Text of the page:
The Brookside Plunge
The construction of the Brookside Plunge, in Pasadena, California marked the beginning of a national struggle for the right of non-whites to gain access to public swimming pools . When the pool opened on the 4th of July, 1914 a sign was posted that it was: “For use by whites only.” At the time, there was a substantial African-American community in Pasadena, California. It was well organized, with an established branch of the N.A.A.C.P. Both W.E.B. Bubois and Booker T. Washington had lectured there. Best known for its Rose Parade and football stadium, it was the town’s swimming pool that took center stage in the national struggle for civil rights.
When the Plunge opened, leadership of the N.A.A.C.P. reacted quickly, and so did the white leadership. The next week, city officials announced that the Plunge would be opened on Wednesdays, for blacks, Mexicans and Asians.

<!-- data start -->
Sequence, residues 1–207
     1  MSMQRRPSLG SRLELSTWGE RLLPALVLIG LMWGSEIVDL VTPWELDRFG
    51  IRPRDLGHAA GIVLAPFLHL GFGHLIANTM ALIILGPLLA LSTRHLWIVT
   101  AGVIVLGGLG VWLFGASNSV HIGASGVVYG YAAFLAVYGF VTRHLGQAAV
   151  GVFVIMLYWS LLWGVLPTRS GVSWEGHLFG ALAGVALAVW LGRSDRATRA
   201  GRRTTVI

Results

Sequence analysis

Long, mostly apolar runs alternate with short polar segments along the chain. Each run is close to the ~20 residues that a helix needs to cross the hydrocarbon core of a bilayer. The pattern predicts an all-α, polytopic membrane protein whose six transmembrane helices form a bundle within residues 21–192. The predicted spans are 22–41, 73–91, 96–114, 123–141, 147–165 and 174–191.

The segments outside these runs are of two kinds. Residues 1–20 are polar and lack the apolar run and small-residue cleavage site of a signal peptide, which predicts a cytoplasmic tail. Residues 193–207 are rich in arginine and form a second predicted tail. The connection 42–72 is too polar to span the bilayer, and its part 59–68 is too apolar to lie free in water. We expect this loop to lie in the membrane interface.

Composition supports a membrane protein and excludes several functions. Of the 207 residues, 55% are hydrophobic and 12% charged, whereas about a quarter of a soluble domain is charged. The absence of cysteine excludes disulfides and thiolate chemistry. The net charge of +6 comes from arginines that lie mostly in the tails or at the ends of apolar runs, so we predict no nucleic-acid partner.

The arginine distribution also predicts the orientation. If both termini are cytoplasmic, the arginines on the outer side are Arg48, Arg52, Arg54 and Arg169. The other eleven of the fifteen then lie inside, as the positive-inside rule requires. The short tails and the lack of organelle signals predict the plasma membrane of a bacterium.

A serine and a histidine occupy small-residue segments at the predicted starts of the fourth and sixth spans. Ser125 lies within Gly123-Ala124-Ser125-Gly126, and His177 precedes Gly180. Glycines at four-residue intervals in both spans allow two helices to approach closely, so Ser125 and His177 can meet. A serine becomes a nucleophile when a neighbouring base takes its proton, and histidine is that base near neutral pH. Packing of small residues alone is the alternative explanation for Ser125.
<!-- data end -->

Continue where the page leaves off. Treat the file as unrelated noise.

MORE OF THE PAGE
In 1914, no effective filtration and chlorination systems had been developed. The purification system used in pools was to “fill and drain” them on a weekly basis. Wednesday was the day before the Brookside Plunge was drained, scrubbed with acid and re-filled with clean water. The offer was rejected and when the same offer was given to the non-white community in the 1930’s and accepted, civil rights lawyer, Ralph Bunche had this to say: “I want to tell you that when I think of such outrageous atrocities a this latest swimming pool incident, which has been perpetuated upon Los Angeles Negroes, my blood boils. And when I see my people so foolhardy as to patronize such a place, and thus give it their sanction, my disgust is trebled. Any Los Angeles Negro who would go bathing in that dirty hole with that sign in insolent mockery of his Race, is either a fool or a traitor to his kind.”